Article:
On the contrary, Seneca’s Medea has clear motives from the start of the play as she is both passionate and determined to get revenge for Jason’s unfaithfulness. Right from the opening of Act 1, Medea is seen invoking maledictions upon Jason while imploring the blessings of various gods to give her the power she needs to fulfill her plans for vengeance. As she calls out to “powers of feuding vengeance,” she says, “Kill his new partner, kill his new father… For the groom, may something worse remain” (p. 44). Unlike Euripides’ Medea, Medea herself expresses her detestation for Jason, King Creon, and princess Creusa at the start of Seneca’s play. In addition, Seneca chooses to reveal that Medea intends on killing both Jason’s new wife and new father-in-law, but has a different route of revenge planned for Jason himself. Like Euripides, Seneca still doesn’t give away the fact that Medea will sacrifice her children as well as the others to fully destroy Jason’s life. Medea’s thirst for vengeance is further shown when she tells herself, “Medea, bare your rage for fighting, and prepare yourself to kill, work to a frenzy” (p. 46). This demonstrates how Medea is praying to the gods in order to motivate and prepare herself to commit crimes worse than the ones she committed for Jason’s sake. Seneca’s Medea shows herself as being more in control of her emotions because of her fiery desire for revenge, whereas Euripides’ Medea is more emotional and pitiful in the opening of the play. Furthermore, it can be inferred that Medea’s plans for punishing Jason and Creon are already matured from the start of Seneca’s play.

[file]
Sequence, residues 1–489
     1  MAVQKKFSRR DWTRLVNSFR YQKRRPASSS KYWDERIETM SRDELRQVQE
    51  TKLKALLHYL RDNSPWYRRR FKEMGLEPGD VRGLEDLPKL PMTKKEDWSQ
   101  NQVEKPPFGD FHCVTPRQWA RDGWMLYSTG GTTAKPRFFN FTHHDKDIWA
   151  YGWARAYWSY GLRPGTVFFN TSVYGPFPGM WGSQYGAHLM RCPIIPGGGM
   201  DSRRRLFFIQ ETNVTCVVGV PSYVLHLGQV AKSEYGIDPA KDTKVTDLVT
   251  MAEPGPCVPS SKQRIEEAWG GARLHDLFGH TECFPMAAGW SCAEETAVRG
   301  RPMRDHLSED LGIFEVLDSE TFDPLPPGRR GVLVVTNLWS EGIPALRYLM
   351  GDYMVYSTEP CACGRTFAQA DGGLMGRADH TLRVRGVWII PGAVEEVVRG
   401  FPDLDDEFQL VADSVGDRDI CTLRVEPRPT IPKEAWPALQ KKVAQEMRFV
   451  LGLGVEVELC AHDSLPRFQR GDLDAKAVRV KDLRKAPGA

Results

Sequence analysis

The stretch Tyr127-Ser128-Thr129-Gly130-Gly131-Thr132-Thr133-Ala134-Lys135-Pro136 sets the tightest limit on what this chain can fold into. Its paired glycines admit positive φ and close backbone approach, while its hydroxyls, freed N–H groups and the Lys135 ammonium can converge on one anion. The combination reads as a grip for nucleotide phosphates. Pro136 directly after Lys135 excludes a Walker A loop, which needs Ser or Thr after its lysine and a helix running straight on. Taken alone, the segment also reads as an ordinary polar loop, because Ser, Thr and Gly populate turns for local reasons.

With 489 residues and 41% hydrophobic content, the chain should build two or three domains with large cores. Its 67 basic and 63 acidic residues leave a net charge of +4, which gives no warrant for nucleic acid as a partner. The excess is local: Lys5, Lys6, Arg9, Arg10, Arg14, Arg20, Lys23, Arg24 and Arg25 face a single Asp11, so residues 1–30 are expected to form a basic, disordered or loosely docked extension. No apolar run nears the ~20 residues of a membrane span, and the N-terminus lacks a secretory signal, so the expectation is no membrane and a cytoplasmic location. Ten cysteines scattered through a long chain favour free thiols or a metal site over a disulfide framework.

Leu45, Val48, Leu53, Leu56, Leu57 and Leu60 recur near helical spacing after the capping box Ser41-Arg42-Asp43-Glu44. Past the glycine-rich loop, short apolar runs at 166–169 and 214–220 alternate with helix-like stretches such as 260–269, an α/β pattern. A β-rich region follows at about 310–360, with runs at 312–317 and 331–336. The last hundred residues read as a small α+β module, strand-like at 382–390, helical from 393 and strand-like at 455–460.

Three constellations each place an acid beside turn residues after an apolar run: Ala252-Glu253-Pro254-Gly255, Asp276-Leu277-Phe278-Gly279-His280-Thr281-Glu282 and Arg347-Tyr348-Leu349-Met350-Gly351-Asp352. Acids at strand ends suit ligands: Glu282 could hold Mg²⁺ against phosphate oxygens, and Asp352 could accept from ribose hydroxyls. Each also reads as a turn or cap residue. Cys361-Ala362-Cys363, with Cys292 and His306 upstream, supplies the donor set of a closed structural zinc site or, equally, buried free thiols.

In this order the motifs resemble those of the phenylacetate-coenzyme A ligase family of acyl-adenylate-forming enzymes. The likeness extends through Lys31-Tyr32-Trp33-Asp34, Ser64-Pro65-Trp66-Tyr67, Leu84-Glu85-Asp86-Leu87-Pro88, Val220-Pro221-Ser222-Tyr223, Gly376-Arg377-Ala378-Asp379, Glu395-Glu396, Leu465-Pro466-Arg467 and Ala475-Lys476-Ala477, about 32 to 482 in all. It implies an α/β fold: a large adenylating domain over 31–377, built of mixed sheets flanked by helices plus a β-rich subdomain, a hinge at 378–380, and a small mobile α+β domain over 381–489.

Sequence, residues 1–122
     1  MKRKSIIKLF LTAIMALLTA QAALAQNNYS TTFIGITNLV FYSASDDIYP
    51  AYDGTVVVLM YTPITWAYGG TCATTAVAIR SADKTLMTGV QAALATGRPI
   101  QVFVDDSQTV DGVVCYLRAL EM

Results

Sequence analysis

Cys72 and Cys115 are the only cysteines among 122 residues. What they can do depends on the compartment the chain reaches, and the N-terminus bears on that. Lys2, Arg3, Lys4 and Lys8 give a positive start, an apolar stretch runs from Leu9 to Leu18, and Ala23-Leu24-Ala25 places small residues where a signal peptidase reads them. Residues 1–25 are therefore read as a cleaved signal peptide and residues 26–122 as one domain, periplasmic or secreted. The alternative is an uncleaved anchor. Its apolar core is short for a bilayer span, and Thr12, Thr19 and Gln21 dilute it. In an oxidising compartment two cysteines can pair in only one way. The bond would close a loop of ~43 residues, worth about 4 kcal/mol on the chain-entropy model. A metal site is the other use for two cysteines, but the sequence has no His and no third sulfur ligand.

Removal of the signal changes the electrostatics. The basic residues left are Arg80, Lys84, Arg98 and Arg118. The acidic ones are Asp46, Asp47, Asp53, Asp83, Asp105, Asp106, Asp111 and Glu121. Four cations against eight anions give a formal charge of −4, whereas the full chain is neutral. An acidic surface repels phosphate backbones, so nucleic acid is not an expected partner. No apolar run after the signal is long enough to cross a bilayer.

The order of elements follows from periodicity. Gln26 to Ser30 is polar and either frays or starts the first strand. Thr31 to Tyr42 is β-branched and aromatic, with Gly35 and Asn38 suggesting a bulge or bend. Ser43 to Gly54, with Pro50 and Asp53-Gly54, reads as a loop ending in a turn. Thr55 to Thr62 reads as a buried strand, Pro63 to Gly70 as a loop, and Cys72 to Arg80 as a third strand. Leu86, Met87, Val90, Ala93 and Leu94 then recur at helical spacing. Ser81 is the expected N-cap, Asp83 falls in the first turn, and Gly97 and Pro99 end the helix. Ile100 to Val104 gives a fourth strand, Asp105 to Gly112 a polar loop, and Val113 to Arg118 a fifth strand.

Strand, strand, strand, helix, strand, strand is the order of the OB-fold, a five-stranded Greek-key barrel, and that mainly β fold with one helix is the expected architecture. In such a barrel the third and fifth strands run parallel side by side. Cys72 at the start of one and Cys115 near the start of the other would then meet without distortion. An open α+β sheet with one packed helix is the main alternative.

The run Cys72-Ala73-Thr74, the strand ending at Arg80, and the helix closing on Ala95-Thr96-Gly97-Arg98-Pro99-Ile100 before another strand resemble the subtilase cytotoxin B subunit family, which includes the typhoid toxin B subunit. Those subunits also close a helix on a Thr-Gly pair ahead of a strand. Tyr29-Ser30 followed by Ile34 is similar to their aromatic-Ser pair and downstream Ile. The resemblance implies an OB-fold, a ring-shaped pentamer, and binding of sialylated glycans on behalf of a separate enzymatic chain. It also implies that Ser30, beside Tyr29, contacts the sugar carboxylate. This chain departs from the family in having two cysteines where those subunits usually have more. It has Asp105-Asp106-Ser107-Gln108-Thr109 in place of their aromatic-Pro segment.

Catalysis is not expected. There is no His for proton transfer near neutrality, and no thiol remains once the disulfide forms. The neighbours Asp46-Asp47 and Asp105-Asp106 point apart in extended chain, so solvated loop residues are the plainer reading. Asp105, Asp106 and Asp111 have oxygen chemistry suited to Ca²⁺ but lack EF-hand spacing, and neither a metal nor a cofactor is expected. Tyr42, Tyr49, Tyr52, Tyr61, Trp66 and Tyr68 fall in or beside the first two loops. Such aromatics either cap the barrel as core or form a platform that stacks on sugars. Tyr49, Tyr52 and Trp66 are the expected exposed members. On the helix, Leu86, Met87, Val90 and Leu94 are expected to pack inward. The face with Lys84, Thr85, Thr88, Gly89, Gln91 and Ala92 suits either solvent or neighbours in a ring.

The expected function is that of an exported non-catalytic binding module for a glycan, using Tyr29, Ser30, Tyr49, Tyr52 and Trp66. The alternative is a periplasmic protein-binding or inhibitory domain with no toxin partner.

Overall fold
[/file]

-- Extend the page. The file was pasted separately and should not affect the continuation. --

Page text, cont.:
In both versions of the ancient tragedy, Medea is cleverly manipulative as she pleads to Creon to grant her one additional day in Corinth. He eventually gives in to her request, which is a significant element in both plays because it allows Medea the time she needs to carry out the crimes she has plotted during her final day. Seemingly consistent with her behavior throughout Euripides’ play, Medea behaves emotionally and pitifully in order to persuade Creon to let her have one more day in Corinth. Nevertheless, it is crucial to realize that in her dialogue with Creon, Medea knows exactly what she is doing with her language and is doing this on purpose. When Creon bluntly tells Medea that he fears her, she uses that fear to convince him with soothing words that she has no intent to hurt him: “Don’t worry, Creon. I don’t have it in me / to do wrong to a man with royal power” (p. 15). She utilizes strong language to make Creon feel more powerful than her because of his royal status, thus making it more likely for him to grant her the additional day. Medea even goes as far as to kneel before him and grasp his hand and knees in supplication, begging that he “Take pity on them. You yourself have children… I’m not worried about myself―I weep for their disaster” (p. 17). Knowing how dearly Creon loves his children, Medea appeals to him by citing her worries about her own two children. Consequently, Euripides’ Medea is effectively able to convince Creon to permit her one last day in Corinth, allowing him to believe that the sole purpose for this extra time is to make arrangements for her exile and her children’s asylum.